Search This Blog

Thursday, June 2, 2022

Not my Donkey, not my circus

 

For those people who messaged me, worried that my donkey may have been on the loose over the weekend, thank you but it was not my beast of burden. Our donkey was shipped out years ago when we found a new home for our sheep.

Of course, I’m not sure what farm he calls home at the moment. If he is still in the area, it could very well be the same donkey who used to earn his keep watching over the sheep at our farm. He sure did enjoy a springtime escape and walkabout.

One foggy morning a few years ago, I was headed down the road to work when the pre-dawn mist cleared in front of me to reveal two big butts. The little grey one belonged to Donkey and the big gold one belonged to our Belgian horse, Misty.

I slammed on the brakes and climbed out of the car to give chase. I tried running circles around them like a sheepdog and then I remembered that Donkey would do just about anything for an apple. I went back to the kitchen and grabbed a few. Within about ten minutes I had the two of them back in the barnyard, safely secured. I even made it to work on time.

I think Donkey could get out of just about any gate if he really put his mind to it. He would spend hours nibbling at locks and chains with his dexterous lips, using them like fingers. Sometimes he got out and visited the horses down the road. Many times I would glance up and find him calmly nibbling the flowers in my garden.

Occasionally Donkey used his powers for good. One night at dusk he broke through the yard gate and came to the kitchen window. It was getting dark, but I saw the whites of his eyes. I don’t know what his next plan would have been if I hadn’t seen him.

When we went outside, Donkey headed off down the field at a clip. That’s when we noticed the sheep weren’t in the barnyard. We jumped on the ATV and followed Donkey, who led us to the sheep in the back pasture. They had climbed through a hole in the fence but when dark fell, they couldn’t find their way back out. As we opened the gate and Donkey led them back up to the barn, we could hear the eerie choir of coyotes singing behind us.

That rescue gained Donkey a few points, but the next day he erased them by wandering over to the neighbour’s house and peering in her patio door as she sipped her coffee.














We had a sheepdog and a dogsheep

 

There once was a sheep who thought she was a dog. When Gracie was born, her mother either died or rejected her – I can’t remember which – sad stories are best forgotten on the farm. Luckily, she took to the bottle right away. She also learned to steal from other ewes when they had their heads in the feeder and weren’t paying full attention to who was under their udder. She wasn’t a dumb sheep, by any means. But she did have a very vacant look on her face. It was like a perma-smile. She never looked alarmed or sad – just happy. All the time.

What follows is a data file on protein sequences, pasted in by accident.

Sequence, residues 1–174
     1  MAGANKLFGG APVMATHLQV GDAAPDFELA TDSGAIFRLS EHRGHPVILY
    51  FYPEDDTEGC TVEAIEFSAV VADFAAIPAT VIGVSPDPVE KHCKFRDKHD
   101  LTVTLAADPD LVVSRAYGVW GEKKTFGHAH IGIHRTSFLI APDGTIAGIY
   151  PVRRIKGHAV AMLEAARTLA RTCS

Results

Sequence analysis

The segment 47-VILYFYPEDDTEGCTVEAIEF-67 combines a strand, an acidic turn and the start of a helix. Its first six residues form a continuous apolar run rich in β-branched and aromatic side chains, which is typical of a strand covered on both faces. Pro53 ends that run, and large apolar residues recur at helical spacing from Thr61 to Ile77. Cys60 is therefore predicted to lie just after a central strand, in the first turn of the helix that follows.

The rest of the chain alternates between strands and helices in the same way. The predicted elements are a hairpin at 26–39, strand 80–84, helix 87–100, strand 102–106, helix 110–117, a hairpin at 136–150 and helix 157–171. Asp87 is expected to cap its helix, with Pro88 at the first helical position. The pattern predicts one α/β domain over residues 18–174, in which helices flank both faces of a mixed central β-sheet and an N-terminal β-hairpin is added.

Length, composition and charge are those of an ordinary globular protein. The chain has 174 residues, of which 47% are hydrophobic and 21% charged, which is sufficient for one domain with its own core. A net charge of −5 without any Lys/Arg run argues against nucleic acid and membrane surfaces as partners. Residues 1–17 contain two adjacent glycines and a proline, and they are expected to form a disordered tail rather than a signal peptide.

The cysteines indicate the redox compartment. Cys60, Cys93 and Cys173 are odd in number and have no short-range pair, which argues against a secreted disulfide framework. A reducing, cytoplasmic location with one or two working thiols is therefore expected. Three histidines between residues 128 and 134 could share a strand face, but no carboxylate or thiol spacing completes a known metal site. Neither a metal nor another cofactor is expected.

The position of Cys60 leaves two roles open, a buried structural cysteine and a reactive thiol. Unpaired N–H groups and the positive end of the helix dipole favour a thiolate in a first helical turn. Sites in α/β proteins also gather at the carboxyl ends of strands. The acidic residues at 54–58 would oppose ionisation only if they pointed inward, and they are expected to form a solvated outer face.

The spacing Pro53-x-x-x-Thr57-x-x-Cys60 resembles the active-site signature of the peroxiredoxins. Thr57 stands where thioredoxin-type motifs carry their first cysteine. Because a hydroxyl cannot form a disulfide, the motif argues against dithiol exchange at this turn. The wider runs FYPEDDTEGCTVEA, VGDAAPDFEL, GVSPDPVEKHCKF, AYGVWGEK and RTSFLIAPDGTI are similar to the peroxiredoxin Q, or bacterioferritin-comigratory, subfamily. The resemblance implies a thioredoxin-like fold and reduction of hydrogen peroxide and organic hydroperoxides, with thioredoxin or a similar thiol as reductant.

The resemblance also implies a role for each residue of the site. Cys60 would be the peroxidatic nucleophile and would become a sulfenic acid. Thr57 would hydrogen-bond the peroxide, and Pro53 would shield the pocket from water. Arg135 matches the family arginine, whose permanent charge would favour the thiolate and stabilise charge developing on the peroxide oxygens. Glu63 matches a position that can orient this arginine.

While most lambs totally forgot about me as soon as they were turned out of the barn onto the fresh new meadow, Gracie had total recall. All I had to do was shake a pail of sweet feed or call her name and she would come running, bleating her excitement. I think she eventually got used to the sound of my rubber boots crunching across the gravel. You didn’t have to call for very long. Gracie was never very far away and she would let complete strangers pet her.

Gracie was also a bit of a show stealer. She loved the spotlight. I gave a presentation at the Literary Follies one year and my daughter held Gracie in the wings off stage. When I pulled a baby bottle out of my bag and clicked my tongue Gracie was released and came bouncing across the stage to be held and fed in my lap.

Years later, Gracie was part of the local Christmas Parade. She seemed to be smiling at everyone from atop the float. If she could wave, she would. Her little stub tail was wagging, like the dog she thought she was.

When we decided to get out of sheep farming, I just couldn’t say goodbye to Gracie. I kept her for a bit longer. The donkey and horse let her join them on their daily walks, and the three of them looked like the Bremen Town Musicians. At night, though, they stood while Gracie lay on the cold ground. She didn’t have her comrades to keep her warm any longer. I decided it was time to let her go to a nearby farm where they also had sheep. Donkey went with her, to guard the flock.

I heard that Gracie eventually found her calling, entertaining residents at a seniors’ home in the area. What a great idea, to have a bit of a hobby farm on site where many former farmers could visit or even help to take care of the animals. I’m sure Gracie basked in the attention.